The church that returned to Crowmoor built a great new building but just as it opened there were defections from the church which made paying for it a struggle

Perhaps all of this helps me understand the reason Shrewsbury Baptist Church has in its DNA  a powerful desire to work both in the centre of town and in the Monkmoor area

This is our God given vision, the name of the church may change (or rather revert) to Shrewsbury Baptist Church but the wonderful thing is that the work of building the Kingdom goes on!

Tuesday, 11 January 2011

John Palmer pastor and evangelist

Not for the first time in my life I have 3 books on the go at once!
The Discipleship book mentioned in the post below,a biography of Edward the third ,(very long but a fascinating read about a man of whom I knew little) and; Deep Roots ,Living Branches -a history of Baptists in the English Western Midlands.
I realise the last mentioned book will not be to everyones taste ( I cant help wondering how many of these books actually sell!) but it is to mine, not least for the good reason, that it throws considerable light on the history of the 2 churches that merged in 2008 to form Shrewsbury Baptist Church.
 Both Claremont and Crowmoor receive numerous mentions and I learned a lot about both churches that I didn't previously know.
The History of Baptists in Shrewsbury is long (the first Shrewsbury Baptist Church was formed in 1653) , and to be honest ,not always glorious.It  is often a story of mergers and closures, of lost opportunities,of arguments  and divisions; usually over matters of doctrine or church policy but sometimes over personality.
However, there have also been very  exciting and encouraging times and I will blog on one or two of those in the coming days.
One Baptist pastor in Shrewsbury stands head and shoulders above the rest .
John Palmer (1768-1823) was born in Worcestershire to Christian parents,Palmer was an enthusiastic and energetic evangelist and a church planter with a phenomenal record. He planted churches in among other places,Tilstock,Whitchurch,Church Stretton ,Ellesmere,Wem, Ludlow and also outside Shropshire borders in places like Welshpool and Kington.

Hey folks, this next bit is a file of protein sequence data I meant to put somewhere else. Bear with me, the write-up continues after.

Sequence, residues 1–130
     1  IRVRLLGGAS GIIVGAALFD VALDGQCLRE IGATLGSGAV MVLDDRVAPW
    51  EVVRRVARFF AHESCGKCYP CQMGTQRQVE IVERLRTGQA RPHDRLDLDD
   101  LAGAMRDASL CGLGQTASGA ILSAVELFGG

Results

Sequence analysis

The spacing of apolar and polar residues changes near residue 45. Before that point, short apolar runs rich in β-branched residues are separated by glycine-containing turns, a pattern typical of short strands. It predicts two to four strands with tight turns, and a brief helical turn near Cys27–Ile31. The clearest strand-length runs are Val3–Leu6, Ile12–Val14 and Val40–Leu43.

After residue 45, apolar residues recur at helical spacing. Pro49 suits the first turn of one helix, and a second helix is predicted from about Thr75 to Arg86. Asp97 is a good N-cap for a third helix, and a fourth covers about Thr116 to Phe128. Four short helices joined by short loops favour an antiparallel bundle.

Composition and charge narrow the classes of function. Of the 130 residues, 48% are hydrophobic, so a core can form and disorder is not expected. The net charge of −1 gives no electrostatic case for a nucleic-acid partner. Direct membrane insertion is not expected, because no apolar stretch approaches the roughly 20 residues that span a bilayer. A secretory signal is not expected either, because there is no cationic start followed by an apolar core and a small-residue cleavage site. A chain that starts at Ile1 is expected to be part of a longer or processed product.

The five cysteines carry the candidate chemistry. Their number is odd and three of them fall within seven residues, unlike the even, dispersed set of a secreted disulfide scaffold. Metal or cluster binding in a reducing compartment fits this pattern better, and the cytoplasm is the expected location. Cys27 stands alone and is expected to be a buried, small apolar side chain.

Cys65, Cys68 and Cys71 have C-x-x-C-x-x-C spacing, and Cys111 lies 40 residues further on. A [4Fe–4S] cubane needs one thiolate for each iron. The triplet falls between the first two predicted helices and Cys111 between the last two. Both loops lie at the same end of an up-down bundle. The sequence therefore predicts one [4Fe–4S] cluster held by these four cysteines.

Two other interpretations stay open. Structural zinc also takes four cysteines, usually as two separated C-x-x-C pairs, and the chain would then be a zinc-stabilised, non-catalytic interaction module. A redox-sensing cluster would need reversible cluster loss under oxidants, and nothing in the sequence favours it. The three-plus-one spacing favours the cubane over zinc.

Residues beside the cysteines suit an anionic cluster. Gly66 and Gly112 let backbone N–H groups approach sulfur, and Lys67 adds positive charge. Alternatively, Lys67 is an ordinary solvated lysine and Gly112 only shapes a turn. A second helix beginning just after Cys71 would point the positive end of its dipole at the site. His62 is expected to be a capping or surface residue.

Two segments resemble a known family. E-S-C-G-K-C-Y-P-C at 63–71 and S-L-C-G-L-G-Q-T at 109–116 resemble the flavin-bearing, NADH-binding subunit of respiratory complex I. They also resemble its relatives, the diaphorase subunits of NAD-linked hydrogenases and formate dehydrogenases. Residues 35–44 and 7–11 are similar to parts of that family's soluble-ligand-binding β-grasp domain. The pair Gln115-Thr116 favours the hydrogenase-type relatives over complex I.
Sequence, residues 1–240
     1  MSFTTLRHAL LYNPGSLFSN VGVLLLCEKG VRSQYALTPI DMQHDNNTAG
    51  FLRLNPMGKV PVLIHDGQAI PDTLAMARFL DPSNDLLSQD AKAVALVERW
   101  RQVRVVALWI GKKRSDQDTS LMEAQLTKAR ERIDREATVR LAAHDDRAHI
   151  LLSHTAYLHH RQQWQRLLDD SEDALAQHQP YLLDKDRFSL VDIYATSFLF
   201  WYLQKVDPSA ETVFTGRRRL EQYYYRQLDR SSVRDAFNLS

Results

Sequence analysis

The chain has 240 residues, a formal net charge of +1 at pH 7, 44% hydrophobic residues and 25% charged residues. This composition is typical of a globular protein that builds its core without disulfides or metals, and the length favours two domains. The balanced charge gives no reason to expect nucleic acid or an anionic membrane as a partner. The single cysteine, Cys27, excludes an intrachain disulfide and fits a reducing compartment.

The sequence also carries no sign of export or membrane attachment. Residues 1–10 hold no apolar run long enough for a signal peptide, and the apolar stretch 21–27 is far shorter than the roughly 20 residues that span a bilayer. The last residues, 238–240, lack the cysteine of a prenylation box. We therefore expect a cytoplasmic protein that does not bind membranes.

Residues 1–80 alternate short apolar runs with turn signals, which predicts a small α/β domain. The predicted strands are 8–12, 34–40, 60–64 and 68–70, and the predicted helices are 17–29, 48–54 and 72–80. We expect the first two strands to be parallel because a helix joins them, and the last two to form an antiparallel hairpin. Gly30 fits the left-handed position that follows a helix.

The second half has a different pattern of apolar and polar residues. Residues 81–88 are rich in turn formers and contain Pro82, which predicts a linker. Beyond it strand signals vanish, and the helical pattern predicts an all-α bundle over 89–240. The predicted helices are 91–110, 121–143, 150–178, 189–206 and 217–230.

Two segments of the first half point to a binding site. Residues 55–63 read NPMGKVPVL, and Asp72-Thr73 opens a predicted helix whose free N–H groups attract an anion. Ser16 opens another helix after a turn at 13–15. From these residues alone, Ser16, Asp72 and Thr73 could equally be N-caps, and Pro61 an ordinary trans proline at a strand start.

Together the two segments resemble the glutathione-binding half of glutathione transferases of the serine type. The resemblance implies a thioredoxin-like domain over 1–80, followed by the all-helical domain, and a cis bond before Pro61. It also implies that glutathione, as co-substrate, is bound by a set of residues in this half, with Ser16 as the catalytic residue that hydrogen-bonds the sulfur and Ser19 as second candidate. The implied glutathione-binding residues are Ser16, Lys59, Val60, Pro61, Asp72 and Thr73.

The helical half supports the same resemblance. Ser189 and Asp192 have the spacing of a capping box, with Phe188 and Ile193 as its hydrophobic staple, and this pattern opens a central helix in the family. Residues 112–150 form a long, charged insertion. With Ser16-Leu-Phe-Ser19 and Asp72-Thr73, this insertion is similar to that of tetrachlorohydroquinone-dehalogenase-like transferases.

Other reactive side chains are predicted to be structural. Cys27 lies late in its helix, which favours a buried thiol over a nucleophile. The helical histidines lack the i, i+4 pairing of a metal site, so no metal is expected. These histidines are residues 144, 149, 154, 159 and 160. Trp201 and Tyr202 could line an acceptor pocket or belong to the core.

Above all however he was pastor at Shrewsbury ,a man with a big heart and a big vision.

He arrived in the town in 1792 to find a church in debt and with just four four or five members.Palmer gathered the people together to pray ,began preaching in Christmas 1793 .Between 1793 and 1817 Betteridge reports the church grew from about 20 to 195 despite sending members away time and again to plant new churches .During Palmer's ministry the 1780 meeting house was extended and schoolrooms added for a flourishing children's work.In addition to all this Palmer was present in London in1813 when the Baptist Union was formed
Here is a man with a passion for prayer and for preaching and teaching, who would travel vast distances to preach the gospel, or to encourage churches. The fact that in less than a quarter of a century he could make such a large and in many ways lasting impression should be an encouragement to us all and an incentive to pray
The church still owns a portrait of John Palmer but his true legacy lives on in the churches he founded in so far as they seek to proclaim Jesus,share the gospel and build the Kingdom.

John Palmer lies buried in a vault in Shrewsbury Baptist Churches town centre building.

Sunday, 2 January 2011


Discipleship is a key theme of our church in 2011.This will also be the theme of our church weekend in March

Bonhoeffer was very direct on this "Christianity without discipleship is Christianity without Christ"

To help me think through the issues I am in the early stages of reading Bill Hull's The Complete Book of Discipleship .I am  already finding it challenging reading, which contains some thought provoking quotes from other Christians; e.g Dallas Willard's observation "we have not only been saved by faith we have been paralysed by it!...we have lost the idea that discipleship is normal"

To begin this focus on discipleship we have organised a week of prayer starting on 9th January to encourage people to develop their prayer lives This week will include many different types of prayer and hopefully inspire us to be in a much deeper relationship with God as we face the challenges and  the opportunities that lie  ahead
More details here